Security Policies

Elastic Load Balancing uses a Secure Socket Layer (SSL) negotiation configuration, known as a security policy, to negotiate SSL connections between a client and the load balancer. A security policy is a combination of protocols and ciphers. The protocol establishes a secure connection between a client and a server and ensures that all data passed between the client and your load balancer is private. A cipher is an encryption algorithm that uses encryption keys to create a coded message. Protocols use several ciphers to encrypt data over the internet. During the connection negotiation process, the client and the load balancer present a list of ciphers and protocols that they each support, in order of preference. By default, the first cipher on the server's list that matches any one of the client's ciphers is selected for the secure connection.

Application Load Balancers do not support SSL renegotiation for client or target connections.

When you create a TLS listener, you must select a security policy. You can update the security policy as needed. For more information, see Update the Security Policy.

You can choose the security policy that is used for front-end connections. The ELBSecurityPolicy-2016-08 security policy is always used for backend connections. Application Load Balancers do not support custom security policies.

Elastic Load Balancing provides the following security policies for Application Load Balancers:

  • ELBSecurityPolicy-2016-08

  • ELBSecurityPolicy-FS-2018-06

  • ELBSecurityPolicy-TLS-1-2-2017-01

  • ELBSecurityPolicy-TLS-1-2-Ext-2018-06

  • ELBSecurityPolicy-TLS-1-1-2017-01

  • ELBSecurityPolicy-2015-05

  • ELBSecurityPolicy-TLS-1-0-2015-04

We recommend the ELBSecurityPolicy-2016-08 policy for general use. You can use the ELBSecurityPolicy-FS-2018-06 policy if you require Forward Secrecy (FS). You can use one of the ELBSecurityPolicy-TLS policies to meet compliance and security standards that require disabling certain TLS protocol versions, or to support legacy clients that require deprecated ciphers. Only a small percentage of internet clients require TLS version 1.0. To view the TLS protocol version for requests to your load balancer, enable access logging for your load balancer and examine the access logs. For more information, see Access Logs.

The following table describes the security policies defined for Application Load Balancers.

Security Policy 2016-08 * FS-2018-06 TLS-1-2 TLS-1-2-Ext TLS-1-1 TLS-1-0 †
TLS Protocols




TLS Ciphers




















* The ELBSecurityPolicy-2016-08 and ELBSecurityPolicy-2015-05 security policies for Application Load Balancers are identical.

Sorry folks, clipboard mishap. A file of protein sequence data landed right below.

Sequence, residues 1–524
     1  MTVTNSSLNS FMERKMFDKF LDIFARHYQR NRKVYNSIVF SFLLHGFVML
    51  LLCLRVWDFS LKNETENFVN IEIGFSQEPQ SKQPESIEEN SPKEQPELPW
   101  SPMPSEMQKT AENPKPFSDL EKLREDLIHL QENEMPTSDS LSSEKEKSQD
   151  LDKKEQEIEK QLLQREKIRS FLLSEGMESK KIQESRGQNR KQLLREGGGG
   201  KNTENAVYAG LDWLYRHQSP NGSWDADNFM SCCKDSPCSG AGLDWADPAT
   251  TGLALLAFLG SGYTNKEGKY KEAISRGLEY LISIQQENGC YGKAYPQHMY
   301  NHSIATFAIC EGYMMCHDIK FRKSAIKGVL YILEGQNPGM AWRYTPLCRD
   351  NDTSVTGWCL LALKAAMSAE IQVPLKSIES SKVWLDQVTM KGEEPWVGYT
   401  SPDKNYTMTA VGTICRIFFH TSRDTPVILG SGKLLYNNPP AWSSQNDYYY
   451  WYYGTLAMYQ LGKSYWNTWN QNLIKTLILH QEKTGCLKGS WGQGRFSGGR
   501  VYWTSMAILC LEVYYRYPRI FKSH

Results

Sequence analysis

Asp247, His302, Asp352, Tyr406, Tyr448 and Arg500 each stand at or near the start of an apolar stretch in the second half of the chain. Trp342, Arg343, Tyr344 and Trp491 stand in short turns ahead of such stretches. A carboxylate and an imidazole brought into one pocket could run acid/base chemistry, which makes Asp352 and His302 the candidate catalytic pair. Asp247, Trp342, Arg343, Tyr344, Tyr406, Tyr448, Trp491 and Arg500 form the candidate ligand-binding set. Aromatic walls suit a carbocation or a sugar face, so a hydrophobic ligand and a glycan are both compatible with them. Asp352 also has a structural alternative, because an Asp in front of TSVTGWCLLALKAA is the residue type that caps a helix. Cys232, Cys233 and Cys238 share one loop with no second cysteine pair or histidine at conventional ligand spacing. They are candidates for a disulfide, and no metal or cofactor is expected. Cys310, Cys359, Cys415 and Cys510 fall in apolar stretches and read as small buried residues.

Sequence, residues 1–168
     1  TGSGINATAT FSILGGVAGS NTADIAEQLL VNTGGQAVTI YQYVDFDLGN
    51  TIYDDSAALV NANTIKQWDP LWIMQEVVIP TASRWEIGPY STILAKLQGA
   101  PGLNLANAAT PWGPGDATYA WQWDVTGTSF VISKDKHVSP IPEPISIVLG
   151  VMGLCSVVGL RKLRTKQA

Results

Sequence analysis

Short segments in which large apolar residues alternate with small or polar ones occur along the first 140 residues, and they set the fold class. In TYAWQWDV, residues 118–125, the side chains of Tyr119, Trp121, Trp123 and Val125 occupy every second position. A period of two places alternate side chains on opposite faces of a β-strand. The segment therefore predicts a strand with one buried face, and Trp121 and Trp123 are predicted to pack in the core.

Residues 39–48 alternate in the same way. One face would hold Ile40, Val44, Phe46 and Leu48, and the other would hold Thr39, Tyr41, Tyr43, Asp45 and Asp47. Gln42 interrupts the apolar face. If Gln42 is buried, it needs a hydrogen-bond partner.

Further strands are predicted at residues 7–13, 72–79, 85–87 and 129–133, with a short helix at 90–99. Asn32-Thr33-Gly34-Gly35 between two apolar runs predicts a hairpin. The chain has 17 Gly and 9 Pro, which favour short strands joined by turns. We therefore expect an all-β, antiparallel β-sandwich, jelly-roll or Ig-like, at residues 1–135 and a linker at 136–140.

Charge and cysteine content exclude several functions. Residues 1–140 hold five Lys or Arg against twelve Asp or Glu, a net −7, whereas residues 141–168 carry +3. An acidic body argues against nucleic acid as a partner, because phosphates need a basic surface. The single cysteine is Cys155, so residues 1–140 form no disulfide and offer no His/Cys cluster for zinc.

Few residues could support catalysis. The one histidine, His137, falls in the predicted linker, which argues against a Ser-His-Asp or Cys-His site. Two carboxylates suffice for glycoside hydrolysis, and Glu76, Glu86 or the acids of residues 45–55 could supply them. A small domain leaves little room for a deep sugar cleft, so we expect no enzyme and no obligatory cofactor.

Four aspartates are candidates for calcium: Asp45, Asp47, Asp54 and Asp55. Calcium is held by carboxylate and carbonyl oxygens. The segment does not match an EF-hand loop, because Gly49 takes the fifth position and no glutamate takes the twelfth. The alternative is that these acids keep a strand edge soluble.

† Do not use this security policy unless you must support a legacy client that requires the DES-CBC3-SHA cipher, which is a weak cipher.

To view the configuration of a security policy for Application Load Balancers using the AWS CLI, use the describe-ssl-policies command.

Add an HTTPS Listener

You configure a listener with a protocol and a port for connections from clients to the load balancer, and a target group for the default listener rule. For more information, see Listener Configuration.


  • To add a forward action to the default listener rule, you must specify an available target group. For more information, see Create a Target Group.

  • To create an HTTPS listener, you must specify a certificate and a security policy. The load balancer uses the certificate to terminate the connection and decrypt requests from clients before routing them to targets. The load balancer uses the security policy when negotiating SSL connections with the clients.

To add an HTTPS listener using the console

  1. Open the Amazon EC2 console at https://console.aws.amazon.com/ec2/.

  2. On the navigation pane, under LOAD BALANCING, choose Load Balancers.

  3. Select a load balancer, and choose Listeners, Add listener.

  4. For Protocol : port, choose HTTPS and keep the default port or type a different port.

  5. (Optional) To authenticate users, for Default actions, choose Add action, Authenticate and provide the requested information. To save the action, choose the checkmark icon. For more information, see Authenticate Users Using an Application Load Balancer.

  6. For Default actions, do one of the following:

    • Choose Add action, Forward to and choose a target group.

    • Choose Add action, Redirect to and provide the URL for the redirect. For more information, see Redirect Actions.

    • Choose Add action, Return fixed response and provide a response code and optional response body. For more information, see Fixed-Response Actions.

    To save the action, choose the checkmark icon.

  7. For Security policy, we recommend that you keep the default security policy.

  8. For Default SSL certificate, do one of the following:

    • If you created or imported a certificate using AWS Certificate Manager, choose From ACM and choose the certificate.

    • If you uploaded a certificate using IAM, choose From IAM and choose the certificate.

  9. Choose Save.

  10. (Optional) To define additional listener rules that forward requests based on a path pattern or a hostname, see Add a Rule.

  11. (Optional) To add a certificate list for use with the SNI protocol, see Add Certificates to the Certificate List.

To add an HTTPS listener using the AWS CLI

Use the create-listener command to create the listener and default rule, and the create-rule command to define additional listener rules.

Update an HTTPS Listener

After you create an HTTPS listener, you can replace the default certificate, update the certificate list, or replace the security policy. For more information, see Update an HTTPS Listener for Your Application Load Balancer.